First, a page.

Encouraging housing to be built in place of abandoned big box stores and strip malls. Making it easier to build student housing near community colleges. Establishing an authority in Los Angeles to finance affordable housing.
These proposals all promise to ease California’s ever-worsening housing crisis by adding or preserving the already-scarce supply.
But these bills also appear to be dead in the water.
They missed a key July 14 deadline to be heard in a policy committee in the state Assembly before lawmakers went on a month-long summer recess until mid-August. It’s still possible to revive the measures before the session ends in mid-September, but doing so would require a rules waiver — and political willpower.
So if lawmakers have stated time and again that easing the state’s housing affordability crisis is their top priority, and these are some of the solutions, what’s the hold up?
As often happens in the Legislature, it’s impossible to say for certain, and key players remain tight-lipped. But several observers of the housing debate noted a significant similarity among the bills: They all require that a portion of the workforce that builds the housing be graduates of mostly union-run apprenticeship programs.
That union labor requirement has proven to be a deal-breaker or deal-maker for several housing bills already: The provision made it into bills and allowed them to survive so far. Or it was excluded and resulted in strong opposition and a bill’s demise, including one last year to build affordable housing in church parking lots, and another retail-to-housing conversion effort similar to the bill now in limbo.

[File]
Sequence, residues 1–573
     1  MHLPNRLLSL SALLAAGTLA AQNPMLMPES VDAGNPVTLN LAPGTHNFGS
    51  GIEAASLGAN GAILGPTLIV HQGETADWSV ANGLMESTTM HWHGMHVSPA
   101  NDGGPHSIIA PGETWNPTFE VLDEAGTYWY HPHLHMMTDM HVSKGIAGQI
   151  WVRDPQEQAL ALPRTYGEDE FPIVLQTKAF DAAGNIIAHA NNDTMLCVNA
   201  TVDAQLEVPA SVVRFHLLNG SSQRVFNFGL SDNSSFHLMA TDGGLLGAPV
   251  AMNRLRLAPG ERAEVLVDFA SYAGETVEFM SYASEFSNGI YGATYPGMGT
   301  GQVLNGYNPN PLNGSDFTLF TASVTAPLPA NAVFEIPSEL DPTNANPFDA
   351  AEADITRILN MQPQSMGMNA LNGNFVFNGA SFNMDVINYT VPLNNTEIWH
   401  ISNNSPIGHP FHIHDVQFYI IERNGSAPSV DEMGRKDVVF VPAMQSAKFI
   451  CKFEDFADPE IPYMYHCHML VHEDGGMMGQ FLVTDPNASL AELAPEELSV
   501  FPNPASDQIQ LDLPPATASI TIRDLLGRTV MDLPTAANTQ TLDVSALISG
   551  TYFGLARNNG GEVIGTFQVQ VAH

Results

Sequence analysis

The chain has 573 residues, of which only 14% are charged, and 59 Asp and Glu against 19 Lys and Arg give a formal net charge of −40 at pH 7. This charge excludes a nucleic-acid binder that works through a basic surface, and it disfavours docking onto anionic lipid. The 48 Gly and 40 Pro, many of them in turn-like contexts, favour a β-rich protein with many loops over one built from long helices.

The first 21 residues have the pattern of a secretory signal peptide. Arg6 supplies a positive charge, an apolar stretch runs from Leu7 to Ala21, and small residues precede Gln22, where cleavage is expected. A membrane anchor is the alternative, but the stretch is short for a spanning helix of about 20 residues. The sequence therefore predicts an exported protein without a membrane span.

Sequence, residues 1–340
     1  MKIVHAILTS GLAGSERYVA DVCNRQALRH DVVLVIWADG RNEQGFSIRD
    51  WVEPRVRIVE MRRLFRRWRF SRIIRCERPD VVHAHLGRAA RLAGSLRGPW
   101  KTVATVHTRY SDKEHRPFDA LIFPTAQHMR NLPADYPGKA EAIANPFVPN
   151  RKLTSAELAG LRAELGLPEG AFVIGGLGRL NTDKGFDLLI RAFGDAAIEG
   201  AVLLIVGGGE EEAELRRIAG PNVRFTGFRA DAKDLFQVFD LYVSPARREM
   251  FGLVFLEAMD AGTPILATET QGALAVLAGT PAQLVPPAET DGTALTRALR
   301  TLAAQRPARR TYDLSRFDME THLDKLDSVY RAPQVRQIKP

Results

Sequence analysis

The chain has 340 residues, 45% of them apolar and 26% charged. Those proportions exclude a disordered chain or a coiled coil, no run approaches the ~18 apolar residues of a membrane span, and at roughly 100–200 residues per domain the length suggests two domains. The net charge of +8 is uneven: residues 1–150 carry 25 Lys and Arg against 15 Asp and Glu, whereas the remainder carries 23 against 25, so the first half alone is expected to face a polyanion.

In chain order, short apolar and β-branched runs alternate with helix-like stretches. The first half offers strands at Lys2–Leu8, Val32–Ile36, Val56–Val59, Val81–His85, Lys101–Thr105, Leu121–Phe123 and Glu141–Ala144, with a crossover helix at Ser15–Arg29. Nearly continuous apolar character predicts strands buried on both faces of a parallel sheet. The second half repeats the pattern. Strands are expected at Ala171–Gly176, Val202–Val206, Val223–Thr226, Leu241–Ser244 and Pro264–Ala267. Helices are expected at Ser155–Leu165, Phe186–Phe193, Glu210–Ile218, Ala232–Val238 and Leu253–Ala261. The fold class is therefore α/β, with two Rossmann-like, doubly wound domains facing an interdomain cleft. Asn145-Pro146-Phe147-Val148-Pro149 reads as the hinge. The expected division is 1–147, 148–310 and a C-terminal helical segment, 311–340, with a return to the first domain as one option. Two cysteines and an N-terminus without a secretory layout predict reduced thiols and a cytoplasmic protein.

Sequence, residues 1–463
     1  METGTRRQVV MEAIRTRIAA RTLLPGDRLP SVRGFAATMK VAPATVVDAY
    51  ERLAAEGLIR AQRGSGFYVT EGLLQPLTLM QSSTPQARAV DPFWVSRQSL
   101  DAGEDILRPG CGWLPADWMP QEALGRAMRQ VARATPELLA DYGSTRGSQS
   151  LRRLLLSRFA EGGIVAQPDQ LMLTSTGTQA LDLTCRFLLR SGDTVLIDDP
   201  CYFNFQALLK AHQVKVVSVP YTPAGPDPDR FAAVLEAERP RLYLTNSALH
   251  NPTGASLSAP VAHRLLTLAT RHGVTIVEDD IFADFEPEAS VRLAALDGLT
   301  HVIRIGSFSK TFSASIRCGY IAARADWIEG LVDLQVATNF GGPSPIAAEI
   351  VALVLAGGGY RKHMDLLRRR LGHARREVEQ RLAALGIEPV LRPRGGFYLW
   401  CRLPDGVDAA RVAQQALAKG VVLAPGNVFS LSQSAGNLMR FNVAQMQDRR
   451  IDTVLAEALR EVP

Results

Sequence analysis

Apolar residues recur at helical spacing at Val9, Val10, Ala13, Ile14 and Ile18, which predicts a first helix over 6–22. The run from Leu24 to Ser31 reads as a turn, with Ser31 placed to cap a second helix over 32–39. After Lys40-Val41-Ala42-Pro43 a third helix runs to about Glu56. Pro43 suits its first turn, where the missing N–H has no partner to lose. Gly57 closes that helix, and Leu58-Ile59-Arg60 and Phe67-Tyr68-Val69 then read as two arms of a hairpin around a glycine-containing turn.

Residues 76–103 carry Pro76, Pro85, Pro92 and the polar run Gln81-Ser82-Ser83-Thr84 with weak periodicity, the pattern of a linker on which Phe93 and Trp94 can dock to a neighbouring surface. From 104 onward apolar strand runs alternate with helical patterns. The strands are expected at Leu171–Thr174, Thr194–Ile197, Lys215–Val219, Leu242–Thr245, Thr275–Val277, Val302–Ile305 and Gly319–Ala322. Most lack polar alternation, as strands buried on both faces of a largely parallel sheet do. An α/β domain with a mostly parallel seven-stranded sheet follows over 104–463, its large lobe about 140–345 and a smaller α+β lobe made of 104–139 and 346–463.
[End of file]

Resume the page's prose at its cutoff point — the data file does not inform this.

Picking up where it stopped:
The requirement is a source of tension between the powerful State Building and Construction Trades Council — which represents more than 450,000 California construction workers and wants more jobs for its members — and affordable housing developers, who are hoping to build many of the proposed projects.
“This question of good jobs versus affordable housing is a false question,” said Lola Smallwood Cuevas, a project director at the UCLA Labor Center. “It’s a question that has been living for 15 years that cannot afford to live on.”
Negotiations between the two groups hit a wall in January; CalMatters reported in June that developers hoped legislative leaders would help break the stalemate.
Instead, Assembly Speaker Anthony Rendon, a Lakewood Democrat, is standing up to the Trade Council’s hard-nosed approach by holding up the bills, according to several lawmakers and legislative staffers, speaking on the condition of anonymity because of the sensitivity of the negotiations.
“This question of good jobs versus affordable housing is a false question.”
— Lola Smallwood Cuevas, a project director at the UCLA Labor Center